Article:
Filipino Heritage Night is a special event done during sports events to honor and celebrate Filipinos and their culture, and Ylona was ecstatic, grateful, and admittedly a little nervous for the opportunity to represent herself and her country.

Medyo kabado ako nung una na kantahin ito, dahil hindi ito ang sarili kong kanta. pero kahit na ganumpaman, ito ang kanta na nag-rerepresenta sa aking sarili at sa aking bansa,” she wrote in her caption for Instagram and TikTok. “Sana ay proud kayo, Pilipinas !!”


In February, Wanderland Festival announced Ylona as part of their March lineup, joining artists like Carly Rae Jepsen, Rico Blanco, and No Rome. Aptly titled Wanderland: The Comeback, the festival marked Ylona’s return to the Philippine stage after four years.

“it’s been almost 4 years since the last time i performed back home,” she posted. Ylona was scheduled to perform a set on 88rising’s Head in the Clouds Manila festival in December 22, which was unfortunately canceled due to bad weather. Thankfully, she was able to take the stage at Wanderland this 2023. After the festival, Ylona took to Instagram to admit that she was nervous about the performance, as well as express her love for what she does: “This moment is why I keep doing what I do.”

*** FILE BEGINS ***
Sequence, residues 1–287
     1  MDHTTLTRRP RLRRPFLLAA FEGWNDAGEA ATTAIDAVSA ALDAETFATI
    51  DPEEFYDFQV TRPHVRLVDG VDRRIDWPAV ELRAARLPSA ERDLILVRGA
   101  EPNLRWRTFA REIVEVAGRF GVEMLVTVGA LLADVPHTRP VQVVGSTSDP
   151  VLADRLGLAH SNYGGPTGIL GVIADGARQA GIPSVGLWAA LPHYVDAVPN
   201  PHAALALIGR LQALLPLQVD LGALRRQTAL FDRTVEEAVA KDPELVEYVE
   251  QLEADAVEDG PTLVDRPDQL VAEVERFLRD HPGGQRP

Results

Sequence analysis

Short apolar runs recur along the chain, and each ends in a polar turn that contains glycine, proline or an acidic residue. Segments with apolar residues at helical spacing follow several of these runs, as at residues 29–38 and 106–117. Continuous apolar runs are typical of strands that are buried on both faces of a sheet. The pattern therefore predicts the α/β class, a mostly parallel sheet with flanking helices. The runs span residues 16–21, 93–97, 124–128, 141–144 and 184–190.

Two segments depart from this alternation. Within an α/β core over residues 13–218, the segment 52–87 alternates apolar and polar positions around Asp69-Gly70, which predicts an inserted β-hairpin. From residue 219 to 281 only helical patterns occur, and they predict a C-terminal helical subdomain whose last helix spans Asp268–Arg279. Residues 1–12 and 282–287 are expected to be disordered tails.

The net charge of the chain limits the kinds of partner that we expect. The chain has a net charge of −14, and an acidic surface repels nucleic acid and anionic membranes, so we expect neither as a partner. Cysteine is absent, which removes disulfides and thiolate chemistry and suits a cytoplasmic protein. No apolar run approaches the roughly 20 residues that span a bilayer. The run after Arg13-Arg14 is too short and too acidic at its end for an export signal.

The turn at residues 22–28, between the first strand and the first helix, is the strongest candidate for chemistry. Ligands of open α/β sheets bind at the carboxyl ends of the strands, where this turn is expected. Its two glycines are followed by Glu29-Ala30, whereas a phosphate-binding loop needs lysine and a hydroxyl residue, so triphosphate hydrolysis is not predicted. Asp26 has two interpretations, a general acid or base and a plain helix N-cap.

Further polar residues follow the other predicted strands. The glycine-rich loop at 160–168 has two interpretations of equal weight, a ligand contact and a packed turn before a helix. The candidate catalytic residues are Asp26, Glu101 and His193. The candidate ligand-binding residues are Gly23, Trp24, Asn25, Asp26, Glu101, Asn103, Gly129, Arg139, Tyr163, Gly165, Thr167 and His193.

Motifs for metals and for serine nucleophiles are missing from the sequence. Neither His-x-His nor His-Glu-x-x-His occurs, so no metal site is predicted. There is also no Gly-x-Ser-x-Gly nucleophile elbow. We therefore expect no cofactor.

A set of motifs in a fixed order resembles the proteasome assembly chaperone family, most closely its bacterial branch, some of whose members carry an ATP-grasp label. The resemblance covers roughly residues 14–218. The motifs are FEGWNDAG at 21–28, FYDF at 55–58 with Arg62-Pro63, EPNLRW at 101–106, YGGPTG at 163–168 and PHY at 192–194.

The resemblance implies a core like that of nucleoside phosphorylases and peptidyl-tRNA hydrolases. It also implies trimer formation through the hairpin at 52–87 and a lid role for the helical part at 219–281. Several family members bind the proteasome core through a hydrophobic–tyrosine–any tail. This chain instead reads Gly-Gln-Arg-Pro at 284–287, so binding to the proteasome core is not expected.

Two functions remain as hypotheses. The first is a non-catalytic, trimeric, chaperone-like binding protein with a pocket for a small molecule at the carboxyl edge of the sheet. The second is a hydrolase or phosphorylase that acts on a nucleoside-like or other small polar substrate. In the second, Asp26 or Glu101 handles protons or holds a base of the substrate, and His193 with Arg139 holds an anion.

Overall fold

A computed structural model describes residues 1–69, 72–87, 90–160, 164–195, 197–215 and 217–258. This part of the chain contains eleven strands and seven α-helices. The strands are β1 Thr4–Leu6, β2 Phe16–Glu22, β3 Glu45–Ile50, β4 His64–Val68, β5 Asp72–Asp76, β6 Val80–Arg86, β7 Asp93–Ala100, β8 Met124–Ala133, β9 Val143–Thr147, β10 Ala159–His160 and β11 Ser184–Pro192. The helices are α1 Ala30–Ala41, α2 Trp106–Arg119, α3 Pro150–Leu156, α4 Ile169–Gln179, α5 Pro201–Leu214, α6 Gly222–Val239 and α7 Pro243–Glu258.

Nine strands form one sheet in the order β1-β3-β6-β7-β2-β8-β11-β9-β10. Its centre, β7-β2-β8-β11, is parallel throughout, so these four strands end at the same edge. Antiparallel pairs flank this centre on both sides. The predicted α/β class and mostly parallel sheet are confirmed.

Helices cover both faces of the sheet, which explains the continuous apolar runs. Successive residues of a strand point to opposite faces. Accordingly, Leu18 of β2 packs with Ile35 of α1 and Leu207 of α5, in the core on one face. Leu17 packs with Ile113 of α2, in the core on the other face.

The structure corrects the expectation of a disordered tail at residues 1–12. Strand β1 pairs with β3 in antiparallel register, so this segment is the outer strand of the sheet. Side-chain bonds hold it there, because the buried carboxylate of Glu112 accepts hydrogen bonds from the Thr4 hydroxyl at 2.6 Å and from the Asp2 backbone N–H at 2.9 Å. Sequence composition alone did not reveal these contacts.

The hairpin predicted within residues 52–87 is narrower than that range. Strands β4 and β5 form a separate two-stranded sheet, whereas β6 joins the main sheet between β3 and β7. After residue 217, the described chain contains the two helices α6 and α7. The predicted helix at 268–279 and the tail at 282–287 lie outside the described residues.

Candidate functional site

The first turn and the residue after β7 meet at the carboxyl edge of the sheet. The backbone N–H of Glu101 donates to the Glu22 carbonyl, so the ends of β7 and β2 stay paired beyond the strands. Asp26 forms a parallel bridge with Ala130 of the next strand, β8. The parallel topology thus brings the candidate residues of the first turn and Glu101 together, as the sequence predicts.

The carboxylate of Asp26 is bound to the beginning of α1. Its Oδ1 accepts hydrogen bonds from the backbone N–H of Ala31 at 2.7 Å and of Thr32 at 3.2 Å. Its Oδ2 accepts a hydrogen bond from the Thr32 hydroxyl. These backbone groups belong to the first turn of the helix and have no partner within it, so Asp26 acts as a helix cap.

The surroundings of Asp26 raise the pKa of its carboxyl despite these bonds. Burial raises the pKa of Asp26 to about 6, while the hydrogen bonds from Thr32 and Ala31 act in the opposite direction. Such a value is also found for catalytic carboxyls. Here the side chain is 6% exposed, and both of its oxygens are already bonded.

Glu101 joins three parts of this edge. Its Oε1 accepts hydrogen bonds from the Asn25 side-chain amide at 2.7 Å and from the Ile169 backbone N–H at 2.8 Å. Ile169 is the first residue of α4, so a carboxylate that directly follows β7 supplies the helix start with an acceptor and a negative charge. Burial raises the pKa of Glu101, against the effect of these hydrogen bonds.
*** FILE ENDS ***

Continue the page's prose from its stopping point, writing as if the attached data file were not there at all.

Ylona is known to be very humble and down-to-earth. In a press event and reported by Vice, she mentioned that one of her goals in 2022 was to buy a house for her family. When she went back to Australia early on in the pandemic, she went back to studying and even took a job at McDonalds! Described as “a literal embodiment of an extrovert,” she loves making connections with people—like her fans.